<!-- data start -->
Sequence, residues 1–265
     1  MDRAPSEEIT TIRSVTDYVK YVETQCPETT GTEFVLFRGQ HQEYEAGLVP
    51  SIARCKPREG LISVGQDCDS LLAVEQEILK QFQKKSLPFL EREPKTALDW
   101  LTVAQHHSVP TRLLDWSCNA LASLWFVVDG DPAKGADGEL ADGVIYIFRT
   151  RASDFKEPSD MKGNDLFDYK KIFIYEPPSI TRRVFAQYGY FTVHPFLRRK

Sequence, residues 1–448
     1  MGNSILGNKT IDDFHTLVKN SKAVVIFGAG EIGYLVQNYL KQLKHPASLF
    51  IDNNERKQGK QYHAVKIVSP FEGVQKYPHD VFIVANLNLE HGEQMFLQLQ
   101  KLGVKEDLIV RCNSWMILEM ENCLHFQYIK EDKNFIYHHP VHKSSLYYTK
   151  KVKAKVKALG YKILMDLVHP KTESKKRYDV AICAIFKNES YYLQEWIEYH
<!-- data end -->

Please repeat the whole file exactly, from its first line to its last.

Sequence, residues 1–265
     1  MDRAPSEEIT TIRSVTDYVK YVETQCPETT GTEFVLFRGQ HQEYEAGLVP
    51  SIARCKPREG LISVGQDCDS LLAVEQEILK QFQKKSLPFL EREPKTALDW
   101  LTVAQHHSVP TRLLDWSCNA LASLWFVVDG DPAKGADGEL ADGVIYIFRT
   151  RASDFKEPSD MKGNDLFDYK KIFIYEPPSI TRRVFAQYGY FTVHPFLRRK

Sequence, residues 1–448
     1  MGNSILGNKT IDDFHTLVKN SKAVVIFGAG EIGYLVQNYL KQLKHPASLF
    51  IDNNERKQGK QYHAVKIVSP FEGVQKYPHD VFIVANLNLE HGEQMFLQLQ
   101  KLGVKEDLIV RCNSWMILEM ENCLHFQYIK EDKNFIYHHP VHKSSLYYTK
   151  KVKAKVKALG YKILMDLVHP KTESKKRYDV AICAIFKNES YYLQEWIEYH